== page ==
Recommended Age, Grade, and Reading Levels
- Age: 6 to 8
- Grade: 1 to 3
- Reading age: 6 to 8
Inventors invent inventions! That's what Ben and his best friend Jack like to say. So when Ben discovers that Jack's family is planning to move to another city, he decides they should put their inventions to work. The boys figure that if no one buys Jack's house, Jack won't have to move away, so all they need is a plan to scare off potential buyers! Inventors are good at coming up with plans. But when Plans A, B and C fail to bring the results the boys had hoped for, Ben discovers that not everything in life stays the same—and that while change can be hard, sometimes it isn't all bad.
About the authors
Robin Stevenson is the award-winning author of more than 25 books for kids and teens, including the board book Pride Colors, the picture book Ghost’s Journey: A Refugee Story and the nonfiction books Kid Activists and Pride: The Celebration and the Struggle. The first edition of her nonfiction book Pride: Celebrating Diversity & Community (2016) won a Stonewall Honor and was shortlisted for numerous other awards. Robin lives in Victoria, British Columbia, where she attends Pride celebrations with her family every year, but always leaves her dog safely at home.
Phyllis Root is the author of BIG MOMMA MAKES THE WORLD and many other award-winning books for children. She says, " Aunt Nancy is my grandmothers and aunts — women who never let the world get the better of them — all rolled into one." She lives in Minneapolis.
David Parkins has illustrated numerous books for children, including WEBSTER J. DUCK by Martin Waddell and Egyptian Diary by Richard Platt. He lives in Lincoln, England. C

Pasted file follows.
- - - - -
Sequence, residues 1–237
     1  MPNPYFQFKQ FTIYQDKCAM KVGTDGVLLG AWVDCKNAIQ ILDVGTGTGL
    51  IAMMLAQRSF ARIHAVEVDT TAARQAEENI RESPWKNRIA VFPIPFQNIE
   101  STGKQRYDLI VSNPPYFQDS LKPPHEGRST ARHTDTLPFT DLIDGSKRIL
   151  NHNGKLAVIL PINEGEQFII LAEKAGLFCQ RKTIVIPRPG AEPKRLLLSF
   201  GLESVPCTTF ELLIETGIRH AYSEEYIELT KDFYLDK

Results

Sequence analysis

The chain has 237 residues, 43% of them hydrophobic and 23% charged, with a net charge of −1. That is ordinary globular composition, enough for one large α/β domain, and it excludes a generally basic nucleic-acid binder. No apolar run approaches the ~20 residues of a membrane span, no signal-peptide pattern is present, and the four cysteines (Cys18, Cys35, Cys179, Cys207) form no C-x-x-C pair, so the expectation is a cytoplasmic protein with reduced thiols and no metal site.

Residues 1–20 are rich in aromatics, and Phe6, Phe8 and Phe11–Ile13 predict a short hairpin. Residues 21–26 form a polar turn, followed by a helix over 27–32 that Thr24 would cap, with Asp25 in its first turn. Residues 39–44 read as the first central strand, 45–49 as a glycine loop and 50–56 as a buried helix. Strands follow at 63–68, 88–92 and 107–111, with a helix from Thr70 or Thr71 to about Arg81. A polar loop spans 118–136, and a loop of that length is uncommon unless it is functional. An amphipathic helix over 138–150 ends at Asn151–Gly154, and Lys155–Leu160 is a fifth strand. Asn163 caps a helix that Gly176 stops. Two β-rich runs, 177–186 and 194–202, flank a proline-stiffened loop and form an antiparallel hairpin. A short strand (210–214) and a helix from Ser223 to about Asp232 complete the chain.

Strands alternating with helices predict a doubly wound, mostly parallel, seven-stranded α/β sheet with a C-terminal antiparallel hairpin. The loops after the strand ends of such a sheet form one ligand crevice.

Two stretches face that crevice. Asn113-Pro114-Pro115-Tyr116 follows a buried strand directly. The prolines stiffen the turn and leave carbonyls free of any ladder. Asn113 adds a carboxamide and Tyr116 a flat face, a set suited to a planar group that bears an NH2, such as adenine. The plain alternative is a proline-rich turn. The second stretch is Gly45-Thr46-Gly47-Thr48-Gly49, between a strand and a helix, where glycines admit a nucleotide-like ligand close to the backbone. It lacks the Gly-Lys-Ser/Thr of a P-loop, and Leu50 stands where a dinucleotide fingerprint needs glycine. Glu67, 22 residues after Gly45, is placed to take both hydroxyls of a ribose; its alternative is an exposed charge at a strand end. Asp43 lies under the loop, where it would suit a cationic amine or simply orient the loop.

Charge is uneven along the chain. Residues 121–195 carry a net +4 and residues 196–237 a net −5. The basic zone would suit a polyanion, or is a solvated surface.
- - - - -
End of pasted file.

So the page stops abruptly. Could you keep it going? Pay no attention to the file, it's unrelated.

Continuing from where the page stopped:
- Commended, Resource Links "The Year's Best"
Excerpt: Ben the Inventor (by (author) Robin Stevenson; illustrated by David Parkins)
It is amazing, Ben thought, how much good stuff people throw out. He knew something most grown-ups didn't know: Junk plus Imagination equaled Great Inventions. The Great Invention he and Jack were working on at the moment was a catapult. Ben dragged an old shovel and a flat piece of wood out of the shed.
"Yeah!" Jack said. He grabbed a piece of wire. "Let's use this."
"[The characters'] plans share a common feature, a quality of dreaming and scheming that seems perfectly age appropriate: Not too well thought out, but very imaginative...Ben and Jack exchange a lot of believable dialogue...Attractive, cheerful black-and-white full-page illustrations appear every few pages...Everything about this [book] is charmingly upbeat...Its winsome attitude makes it fun."
"A delightful story about best friends and shared visions...Stevenson's message provides comfort while demonstrating problem solving techniques to keep friendship alive even at a distance."
"Humorous yet poignant, this story highlights the friendship and creativity of two endearing characters...Faithful to the hopes and fears of young children and enhanced with fine pencil drawings, Stevenson's second chapter book about Ben rings true for anyone who has had a friend move away."
"This book gives early readers an extended reading experience; short chapters provide quick success in reading and make the book easy to read in installments...Children who face a move will find comfort in this enjoyable story of friendship. Young inventors might get some ideas too."
Library Media Connection
Other titles by Robin Stevenson
True Tales of Childhood from Inventors and Trailblazers
The Celebration and the Struggle
A Refugee Story
My Body My Choice
The Fight for Abortion Rights
LGBTQ2 Writers on Coming Out and Into Canada
Pride Colors Read-Along
Blood on the Beach
Other titles by David Parkins
I'm a Truck Driver
To the Rescue! Garrett Morgan Underground
Great Ideas Series
When the Worst Happens
Extraordinary Stories of Survival
Lillian Gilbreth's Wonder Kitchen
The Journal of Iliona, A Young Slave
The Journal of Nakht
Elisha Otis's Trip to the Top